Tue, Sep 16, 2014, 5:17 PM EDT - U.S. Markets closed

Recent

% | $
Quotes you view appear here for quick access.

The Home Depot, Inc. Message Board

you are viewing a single comment's thread.

view the rest of the posts
  • brilliant_analyst brilliant_analyst Aug 3, 2002 9:53 AM Flag

    Deleted Message

    HD usually does things right but....
    Central ized buying does have some problems. For instance, the Tampa, FL buyer (or wherever it was down south) is as ill equipped to buy snow shovels as the Chicago buyer is to buy pool supplies and garden equipment year round.
    Also, since we know that many buyers, although not all, are in the habit of taking "gifts", the larger volume of purchases from a central buyer enhances the product line buyer's power and thus his (or her's) ability to receive the gratuities. The anti-kickback squad has to be on their toes.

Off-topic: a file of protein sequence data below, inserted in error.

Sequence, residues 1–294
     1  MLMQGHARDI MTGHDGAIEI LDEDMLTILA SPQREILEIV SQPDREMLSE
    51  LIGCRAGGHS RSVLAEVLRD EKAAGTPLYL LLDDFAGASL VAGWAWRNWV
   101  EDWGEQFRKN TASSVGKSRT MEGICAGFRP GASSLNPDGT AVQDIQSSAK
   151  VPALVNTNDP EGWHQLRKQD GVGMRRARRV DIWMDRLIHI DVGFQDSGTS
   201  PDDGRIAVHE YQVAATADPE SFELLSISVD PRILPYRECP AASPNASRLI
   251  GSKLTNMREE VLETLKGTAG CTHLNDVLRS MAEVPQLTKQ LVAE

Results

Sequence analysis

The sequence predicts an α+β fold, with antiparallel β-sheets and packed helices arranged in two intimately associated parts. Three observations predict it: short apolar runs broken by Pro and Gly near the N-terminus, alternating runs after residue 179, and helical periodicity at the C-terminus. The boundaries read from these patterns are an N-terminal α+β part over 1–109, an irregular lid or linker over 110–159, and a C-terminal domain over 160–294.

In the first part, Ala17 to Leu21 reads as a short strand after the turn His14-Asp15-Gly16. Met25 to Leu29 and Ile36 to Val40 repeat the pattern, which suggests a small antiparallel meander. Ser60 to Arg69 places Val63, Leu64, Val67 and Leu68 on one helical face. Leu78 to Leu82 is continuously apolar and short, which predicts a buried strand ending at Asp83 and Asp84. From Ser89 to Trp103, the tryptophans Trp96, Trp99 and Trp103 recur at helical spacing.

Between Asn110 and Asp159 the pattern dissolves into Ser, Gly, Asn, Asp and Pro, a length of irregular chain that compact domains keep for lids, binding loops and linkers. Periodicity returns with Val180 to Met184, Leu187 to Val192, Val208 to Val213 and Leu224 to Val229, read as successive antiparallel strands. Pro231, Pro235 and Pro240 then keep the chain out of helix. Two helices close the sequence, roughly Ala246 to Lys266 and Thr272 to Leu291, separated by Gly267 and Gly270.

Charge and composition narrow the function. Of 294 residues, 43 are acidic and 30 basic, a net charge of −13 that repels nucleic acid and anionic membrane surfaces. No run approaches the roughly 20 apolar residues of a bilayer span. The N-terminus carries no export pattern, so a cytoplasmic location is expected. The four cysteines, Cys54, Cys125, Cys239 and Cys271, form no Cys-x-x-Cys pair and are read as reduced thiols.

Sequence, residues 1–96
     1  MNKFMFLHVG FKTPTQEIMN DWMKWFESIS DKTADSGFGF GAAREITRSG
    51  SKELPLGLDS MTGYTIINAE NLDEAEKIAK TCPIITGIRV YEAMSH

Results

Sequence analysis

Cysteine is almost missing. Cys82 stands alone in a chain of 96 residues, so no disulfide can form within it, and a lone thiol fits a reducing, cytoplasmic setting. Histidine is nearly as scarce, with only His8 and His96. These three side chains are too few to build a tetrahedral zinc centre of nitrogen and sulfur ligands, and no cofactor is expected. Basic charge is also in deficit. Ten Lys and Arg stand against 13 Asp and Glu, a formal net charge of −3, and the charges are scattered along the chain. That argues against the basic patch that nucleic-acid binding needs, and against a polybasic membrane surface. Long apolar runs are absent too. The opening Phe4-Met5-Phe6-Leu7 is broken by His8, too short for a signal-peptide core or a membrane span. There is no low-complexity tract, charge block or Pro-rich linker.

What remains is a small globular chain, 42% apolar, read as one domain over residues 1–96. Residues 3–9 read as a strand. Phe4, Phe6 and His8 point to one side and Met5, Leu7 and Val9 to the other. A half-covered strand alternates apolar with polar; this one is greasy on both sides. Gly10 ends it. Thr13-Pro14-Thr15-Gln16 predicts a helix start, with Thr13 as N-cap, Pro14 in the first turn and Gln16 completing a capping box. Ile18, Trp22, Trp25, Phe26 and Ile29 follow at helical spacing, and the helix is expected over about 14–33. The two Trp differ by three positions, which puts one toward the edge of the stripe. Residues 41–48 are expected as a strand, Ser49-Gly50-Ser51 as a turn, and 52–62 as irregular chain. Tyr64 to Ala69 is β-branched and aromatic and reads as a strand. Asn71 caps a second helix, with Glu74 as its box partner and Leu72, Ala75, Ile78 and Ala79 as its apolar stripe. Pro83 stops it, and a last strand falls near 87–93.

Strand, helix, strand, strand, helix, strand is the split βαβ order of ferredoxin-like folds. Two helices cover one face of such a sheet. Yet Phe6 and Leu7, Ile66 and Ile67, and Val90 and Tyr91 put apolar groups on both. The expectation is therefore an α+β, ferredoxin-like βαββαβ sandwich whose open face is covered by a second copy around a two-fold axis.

SortNewest  |  Oldest  |  Most Replied Expand all replies
    • Wal-Mart seems to pull off the centralized buyer thing and they do 250 billion (5x's Home Depot).

      Hell Wal-Mart even does most of the store scheduling from BENTONVILLE, so Home Depot could atleast get the buying right.

      The main difference is that the field soldiers (store associates) at Wal-Mart buy into what goes on in Bentonville and old school Home Depot ee's won't buy into Nardeli's ideas. I am not saying they are always right, but that is the difference!!

      I also went into a Lowe's the other day and noticed the hand scanners (similar to Wal-Mart) being used for inventory management. Depot is still using the bulky and often broken Mobile Ordering carts with very over worked IMA's.

      I don't own Depot or Lowe's and don't work for either I am just intrigued by the two horse race these two are in!!!

      Oh by the way, Depot is in big trouble!!!!

 
HD
90.27+0.89(+1.00%)Sep 16 4:00 PMEDT

Trending Tickers

i
Trending Tickers features significant U.S. stocks showing the most dramatic increase in user interest in Yahoo Finance in the previous hour over historic norms. The list is limited to those equities which trade at least 100,000 shares on an average day and have a market cap of more than $300 million.